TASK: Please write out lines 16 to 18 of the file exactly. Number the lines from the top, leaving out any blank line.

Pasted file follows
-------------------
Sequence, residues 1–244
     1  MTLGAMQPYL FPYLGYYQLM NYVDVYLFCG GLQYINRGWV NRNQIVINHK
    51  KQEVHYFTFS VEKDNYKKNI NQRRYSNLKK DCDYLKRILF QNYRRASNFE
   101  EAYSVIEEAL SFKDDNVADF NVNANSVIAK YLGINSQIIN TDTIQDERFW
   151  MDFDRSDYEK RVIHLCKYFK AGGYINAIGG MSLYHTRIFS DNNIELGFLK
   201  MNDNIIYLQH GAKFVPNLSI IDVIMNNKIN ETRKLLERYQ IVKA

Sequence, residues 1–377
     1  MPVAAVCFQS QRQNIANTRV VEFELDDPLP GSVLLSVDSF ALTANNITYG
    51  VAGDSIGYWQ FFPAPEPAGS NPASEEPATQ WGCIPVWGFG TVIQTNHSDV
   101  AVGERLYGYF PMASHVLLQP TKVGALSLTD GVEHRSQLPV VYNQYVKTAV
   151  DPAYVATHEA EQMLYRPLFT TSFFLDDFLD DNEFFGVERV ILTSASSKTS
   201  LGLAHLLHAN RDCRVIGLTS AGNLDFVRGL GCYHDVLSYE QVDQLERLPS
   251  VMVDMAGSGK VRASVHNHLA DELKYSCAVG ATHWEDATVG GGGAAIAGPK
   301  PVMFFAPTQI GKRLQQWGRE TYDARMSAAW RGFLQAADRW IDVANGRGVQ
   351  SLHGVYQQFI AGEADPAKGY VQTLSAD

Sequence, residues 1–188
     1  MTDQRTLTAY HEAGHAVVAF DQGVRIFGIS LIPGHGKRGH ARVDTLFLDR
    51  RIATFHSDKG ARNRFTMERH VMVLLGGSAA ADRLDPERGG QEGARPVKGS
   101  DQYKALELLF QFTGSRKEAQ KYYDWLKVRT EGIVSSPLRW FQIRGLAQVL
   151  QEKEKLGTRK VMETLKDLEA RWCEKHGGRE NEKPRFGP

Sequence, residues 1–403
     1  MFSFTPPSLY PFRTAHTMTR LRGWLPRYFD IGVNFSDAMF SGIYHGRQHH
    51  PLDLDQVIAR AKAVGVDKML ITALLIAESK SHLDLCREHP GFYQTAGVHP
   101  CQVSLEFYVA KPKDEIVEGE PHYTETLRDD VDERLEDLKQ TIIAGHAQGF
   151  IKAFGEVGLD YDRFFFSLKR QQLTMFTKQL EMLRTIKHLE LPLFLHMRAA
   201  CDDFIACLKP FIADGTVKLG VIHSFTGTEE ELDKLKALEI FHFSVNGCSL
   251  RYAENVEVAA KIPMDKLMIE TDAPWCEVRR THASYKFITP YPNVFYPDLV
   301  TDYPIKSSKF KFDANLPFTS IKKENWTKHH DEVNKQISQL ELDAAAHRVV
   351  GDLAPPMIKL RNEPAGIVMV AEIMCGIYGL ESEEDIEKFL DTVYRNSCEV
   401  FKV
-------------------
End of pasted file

Sequence, residues 1–188
     1  MTDQRTLTAY HEAGHAVVAF DQGVRIFGIS LIPGHGKRGH ARVDTLFLDR
    51  RIATFHSDKG ARNRFTMERH VMVLLGGSAA ADRLDPERGG QEGARPVKGS